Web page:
MENTAL ANGUISH DAMAGES

 In its third and fourth issues, the City asserts that Van Doren is not entitled to damages for mental anguish.   The judgment is not reversible unless the error probably caused the rendition of an improper verdict.   See Tex.R.App. P. 44.1(a)(1).   Under the Texas Tort Claims Act, the City waived its immunity from liability only to a maximum of $250,000.   See Tex. Civ. Prac. & Rem.Code Ann. § 101.023 (Vernon 1997).   The damages found by the jury totaled $760,088.   In accordance with the Texas Tort Claims Act, the trial court entered judgment for $250,000.   The jury awarded Van Doren $150,000 for “[c]ompensatory damages in the past which may include emotional pain and suffering, inconvenience, mental anguish, loss of enjoyment of life, and other non-pecuniary losses.”   Even without those damages, Van Doren's damages total $610,088, more than double the maximum recovery allowed under the tort claims act.   Because the trial court reduced the jury's damages award to Van Doren to $250,000, any error by the trial court in submitting mental anguish as a damages element is harmless.   We resolve the City's third and fourth issues against it.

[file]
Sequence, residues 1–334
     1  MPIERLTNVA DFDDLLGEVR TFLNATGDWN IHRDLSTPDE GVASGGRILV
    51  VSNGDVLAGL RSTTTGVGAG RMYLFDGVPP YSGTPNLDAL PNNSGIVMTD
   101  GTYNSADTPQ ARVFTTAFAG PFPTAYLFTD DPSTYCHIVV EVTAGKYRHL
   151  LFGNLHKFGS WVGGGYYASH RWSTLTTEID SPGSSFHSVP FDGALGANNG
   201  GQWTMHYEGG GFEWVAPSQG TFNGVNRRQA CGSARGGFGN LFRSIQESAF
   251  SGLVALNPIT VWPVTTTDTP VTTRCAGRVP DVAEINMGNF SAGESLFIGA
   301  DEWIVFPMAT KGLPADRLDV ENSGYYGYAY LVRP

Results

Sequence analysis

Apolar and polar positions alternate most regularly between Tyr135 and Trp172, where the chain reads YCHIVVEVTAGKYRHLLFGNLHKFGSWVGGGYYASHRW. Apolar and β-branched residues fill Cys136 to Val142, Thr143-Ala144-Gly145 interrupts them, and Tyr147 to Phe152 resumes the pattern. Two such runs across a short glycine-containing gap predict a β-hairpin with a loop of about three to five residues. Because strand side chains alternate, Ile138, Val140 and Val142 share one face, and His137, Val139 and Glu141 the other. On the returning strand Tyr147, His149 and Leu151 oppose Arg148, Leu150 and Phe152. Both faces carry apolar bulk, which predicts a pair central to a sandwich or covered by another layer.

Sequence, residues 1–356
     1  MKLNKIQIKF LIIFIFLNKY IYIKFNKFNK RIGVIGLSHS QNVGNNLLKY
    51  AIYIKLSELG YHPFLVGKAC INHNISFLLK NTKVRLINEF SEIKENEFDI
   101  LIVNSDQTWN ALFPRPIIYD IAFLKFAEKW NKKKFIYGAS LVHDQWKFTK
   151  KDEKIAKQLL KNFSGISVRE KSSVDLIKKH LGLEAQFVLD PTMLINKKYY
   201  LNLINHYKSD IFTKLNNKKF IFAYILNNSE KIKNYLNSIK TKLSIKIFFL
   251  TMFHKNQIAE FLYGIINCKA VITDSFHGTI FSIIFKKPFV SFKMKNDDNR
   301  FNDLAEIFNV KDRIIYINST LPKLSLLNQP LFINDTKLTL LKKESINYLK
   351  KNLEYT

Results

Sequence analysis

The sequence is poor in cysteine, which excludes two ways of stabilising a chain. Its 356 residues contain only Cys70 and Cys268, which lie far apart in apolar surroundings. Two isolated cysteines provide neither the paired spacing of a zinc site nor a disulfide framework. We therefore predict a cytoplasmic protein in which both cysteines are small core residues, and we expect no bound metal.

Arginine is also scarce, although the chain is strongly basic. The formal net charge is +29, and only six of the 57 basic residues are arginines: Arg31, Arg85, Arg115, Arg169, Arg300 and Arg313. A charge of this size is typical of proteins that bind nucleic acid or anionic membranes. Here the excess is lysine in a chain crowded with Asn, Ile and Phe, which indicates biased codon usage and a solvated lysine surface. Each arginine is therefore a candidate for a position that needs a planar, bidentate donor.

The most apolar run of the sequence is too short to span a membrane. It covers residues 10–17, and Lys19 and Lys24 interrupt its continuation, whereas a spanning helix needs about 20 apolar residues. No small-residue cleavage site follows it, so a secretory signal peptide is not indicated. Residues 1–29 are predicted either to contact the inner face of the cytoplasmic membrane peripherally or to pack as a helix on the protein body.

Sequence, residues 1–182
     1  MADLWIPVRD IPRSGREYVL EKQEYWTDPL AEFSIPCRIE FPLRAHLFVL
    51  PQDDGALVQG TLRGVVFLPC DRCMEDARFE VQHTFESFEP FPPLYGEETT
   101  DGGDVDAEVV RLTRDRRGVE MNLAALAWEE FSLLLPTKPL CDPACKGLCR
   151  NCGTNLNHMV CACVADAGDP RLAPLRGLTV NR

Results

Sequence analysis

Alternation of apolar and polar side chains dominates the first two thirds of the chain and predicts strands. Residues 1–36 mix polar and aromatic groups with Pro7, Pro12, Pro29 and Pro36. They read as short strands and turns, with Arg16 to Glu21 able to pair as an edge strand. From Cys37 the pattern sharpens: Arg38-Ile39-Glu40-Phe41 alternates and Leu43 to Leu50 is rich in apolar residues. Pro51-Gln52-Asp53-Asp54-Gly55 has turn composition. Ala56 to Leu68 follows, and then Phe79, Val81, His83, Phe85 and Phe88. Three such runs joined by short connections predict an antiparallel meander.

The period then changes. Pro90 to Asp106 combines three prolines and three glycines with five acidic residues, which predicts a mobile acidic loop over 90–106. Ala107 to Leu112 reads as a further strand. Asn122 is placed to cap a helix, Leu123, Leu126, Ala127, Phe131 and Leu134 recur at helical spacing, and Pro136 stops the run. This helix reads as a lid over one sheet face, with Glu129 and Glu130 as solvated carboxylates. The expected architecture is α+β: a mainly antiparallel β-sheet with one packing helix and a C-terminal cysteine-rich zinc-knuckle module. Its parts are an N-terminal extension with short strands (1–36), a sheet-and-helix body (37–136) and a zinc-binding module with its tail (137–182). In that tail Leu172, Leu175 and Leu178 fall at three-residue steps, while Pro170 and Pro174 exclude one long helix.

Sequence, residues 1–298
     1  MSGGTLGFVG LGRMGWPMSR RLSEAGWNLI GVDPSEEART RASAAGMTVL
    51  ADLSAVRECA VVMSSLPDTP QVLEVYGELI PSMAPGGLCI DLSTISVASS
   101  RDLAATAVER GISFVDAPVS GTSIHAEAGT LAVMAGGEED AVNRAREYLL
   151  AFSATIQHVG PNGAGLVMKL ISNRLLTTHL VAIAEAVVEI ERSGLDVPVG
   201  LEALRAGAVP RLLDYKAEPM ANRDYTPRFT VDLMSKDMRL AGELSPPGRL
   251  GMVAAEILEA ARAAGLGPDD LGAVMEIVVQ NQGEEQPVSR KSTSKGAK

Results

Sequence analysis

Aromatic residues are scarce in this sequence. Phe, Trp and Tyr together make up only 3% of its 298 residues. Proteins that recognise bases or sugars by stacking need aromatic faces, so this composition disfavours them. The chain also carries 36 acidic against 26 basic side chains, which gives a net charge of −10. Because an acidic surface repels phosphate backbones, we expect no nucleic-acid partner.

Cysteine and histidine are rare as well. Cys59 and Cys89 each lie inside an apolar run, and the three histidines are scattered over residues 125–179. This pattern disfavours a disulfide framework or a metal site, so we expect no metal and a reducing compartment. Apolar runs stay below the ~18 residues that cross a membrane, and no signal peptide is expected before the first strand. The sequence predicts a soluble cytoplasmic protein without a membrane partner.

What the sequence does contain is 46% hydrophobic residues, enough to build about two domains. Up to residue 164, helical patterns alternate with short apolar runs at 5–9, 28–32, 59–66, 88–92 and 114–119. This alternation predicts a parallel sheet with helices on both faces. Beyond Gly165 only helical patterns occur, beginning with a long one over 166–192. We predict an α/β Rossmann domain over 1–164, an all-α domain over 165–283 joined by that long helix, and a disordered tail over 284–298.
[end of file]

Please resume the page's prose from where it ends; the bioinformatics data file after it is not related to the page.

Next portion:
REINSTATEMENT

 In his cross-issue, Van Doren asserts the trial court erred in denying his request to be reinstated in his former position of employment with the City. Section 451.002(b) of the labor code provides, “An employee discharged in violation of Section 451.001 is entitled to reinstatement in the former position of employment.”   Tex. Lab.Code Ann. § 451.002(b) (Vernon 1996).   The statute is couched in mandatory language and contains no exceptions.